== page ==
Additionally, a rain-managed wall should consist of four elements, which Lstiburek outlined as:
- continuous drainage plane that is water-repellent, properly connected to flashings, window and
- door penetrations, roof-wall intersections, and service penetrations;
- drainage space between the cladding and the drainage plane;
- flashings at every opening, penetration, or intersection; and
- weep holes (i.e. openings to allow water to escape to the outside). (See “Water-managed Wall Systems” in a 2007 issue of The Journal of Light Construction by Joseph Lstiburek, M.Eng., PhD, P.Eng.)
Finally, the drainage space between the cladding and the drainage plane can be successfully maintained with a material layer such as a filament nylon mesh mat or, as an alternative, a rigid plastic profiled sheet, also called a dimple sheet. The filament nylon mesh material has been tested extensively, recently by the Masonry Veneer Manufacturers Association (MVMA) in a test assembly with two layers of WRB separated by a “polymer-entangled mesh” drainage mat, as well as a metal lath and scratch coat.
In the laboratory study, water penetration by wind-driven rain was evaluated based on ASTM E331, Standard Test Method for Water Penetration of Exterior Windows, Skylights, Doors, and Curtain Walls by Uniform Static Air Pressure Difference. No water was observed on the interior of any of the test wall assembly during a two-hour test using the mesh drainage mat. Other types of drainage materials were also successfully tested, including formed XPS insulation, polymer mats, and wood furring. (See Masonry Veneer Manufacturers Association’s [MVMA’s] Technical Bulletin, “Water Penetration Testing of an Adhered Masonry Veneer Wall Assembly.”)
Successful wall assemblies include a continuous air and water barrier integral with flashings, air space, or an air space created by such drainage media as a filament nylon mesh. These designs limit moisture-related issues and improve the performance of commonly used absorptive claddings, including adhered masonry veneer products.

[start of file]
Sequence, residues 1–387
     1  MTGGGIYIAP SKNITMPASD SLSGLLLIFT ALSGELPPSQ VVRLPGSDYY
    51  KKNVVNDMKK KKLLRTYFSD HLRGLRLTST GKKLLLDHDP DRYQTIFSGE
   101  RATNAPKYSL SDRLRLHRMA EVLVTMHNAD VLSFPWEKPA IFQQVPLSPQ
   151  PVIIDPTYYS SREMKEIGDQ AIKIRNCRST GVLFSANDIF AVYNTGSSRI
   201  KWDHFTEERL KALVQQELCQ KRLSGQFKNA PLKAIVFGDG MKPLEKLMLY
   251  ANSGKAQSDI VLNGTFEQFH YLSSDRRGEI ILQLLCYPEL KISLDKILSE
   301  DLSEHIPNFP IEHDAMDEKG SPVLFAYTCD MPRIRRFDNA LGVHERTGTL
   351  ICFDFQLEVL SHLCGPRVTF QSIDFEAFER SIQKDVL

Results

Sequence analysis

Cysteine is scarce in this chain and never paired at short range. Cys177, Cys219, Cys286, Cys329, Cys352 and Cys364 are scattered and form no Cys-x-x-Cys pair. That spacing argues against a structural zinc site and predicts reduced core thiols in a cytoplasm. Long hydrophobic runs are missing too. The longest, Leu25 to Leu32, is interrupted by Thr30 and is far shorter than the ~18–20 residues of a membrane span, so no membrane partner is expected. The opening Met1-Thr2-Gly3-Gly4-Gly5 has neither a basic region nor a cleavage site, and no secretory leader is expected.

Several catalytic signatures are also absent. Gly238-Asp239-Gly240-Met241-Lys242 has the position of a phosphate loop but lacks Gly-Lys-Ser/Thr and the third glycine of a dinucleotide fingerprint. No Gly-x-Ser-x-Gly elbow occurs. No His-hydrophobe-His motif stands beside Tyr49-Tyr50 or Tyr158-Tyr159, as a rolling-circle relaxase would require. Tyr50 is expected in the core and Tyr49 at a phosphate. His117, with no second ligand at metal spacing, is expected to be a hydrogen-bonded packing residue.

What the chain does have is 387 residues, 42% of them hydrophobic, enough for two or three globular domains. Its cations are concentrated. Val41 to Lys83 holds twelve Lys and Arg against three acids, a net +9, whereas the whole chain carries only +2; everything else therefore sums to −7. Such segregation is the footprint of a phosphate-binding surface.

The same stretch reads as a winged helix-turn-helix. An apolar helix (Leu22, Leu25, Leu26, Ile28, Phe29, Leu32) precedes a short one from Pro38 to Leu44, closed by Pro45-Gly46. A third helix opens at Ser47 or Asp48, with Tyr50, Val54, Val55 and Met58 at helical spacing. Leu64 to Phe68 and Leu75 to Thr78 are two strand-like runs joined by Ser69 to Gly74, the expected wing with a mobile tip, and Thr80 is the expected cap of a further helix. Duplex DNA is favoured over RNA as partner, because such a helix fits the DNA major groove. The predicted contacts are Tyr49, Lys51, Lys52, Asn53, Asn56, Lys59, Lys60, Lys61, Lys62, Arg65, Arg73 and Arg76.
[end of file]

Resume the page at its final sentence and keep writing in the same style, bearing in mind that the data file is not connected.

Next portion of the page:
The challenges of adhered masonry veneers and other absorptive claddings used in residential and light commercial construction have been widely published. The primary negative effects—caused by humidity, rain, and wind—include poor drainage, inward vapor drive, and capillary absorption. The moisture problems have led to enclosure failures in some cases.
A critical review of industry literature, lab testing, field experience, and expert comment show the most effective design of adhered masonry veneers should include an air gap and drainage cavity behind the claddings to improve durability and reduce moisture issues. A fabric-faced, tangled-filament nylon drainage mat is shown to effectively promote drainage and drying in above-grade vertical wall assemblies beneath absorptive-type claddings, including adhered masonry and thin brick veneer. The filament drainage mats provide for both an air space and protected drainage plane and are also effective when used as part of a full cavity-wall system.
In addition to the issues caused by moisture damage in residential and light commercial construction, recent code changes have propagated the use of enhanced drainage and drying assemblies for adhered masonry veneer. These code changes are valuable—as are improvements to recommended practice—as they help reduce enclosure failures caused by moisture damage, which are costly and avoidable. By following the code changes in the 2012 IBC and IECC for WRBs, air barriers, ci, and drainage, it will help to ensure adhered masonry systems provide long and valuable lifecycles.
Jeff Diqui, Arch. Eng., CSI, is a building enclosure specialist with Sto Corp. He has more than 20 years of experience with forensic investigations related to moisture intrusion and structural problems, structural design, building condition assessments, development of repair/rehabilitation designs, and construction observations. Diqui is a consultative resource for architects, engineers, specifiers, building envelope consultants, contractors, and code officials related to heat, air, and moisture controls. He is a member of the Building Enclosure Council (BEC), Construction Specifications Institute (CSI), RCI–The Institute of Roofing, Waterproofing, and Building Envelope Professionals, and the U.S. Green Building Council (USGBC). He can be contacted via e-mail at email@example.com.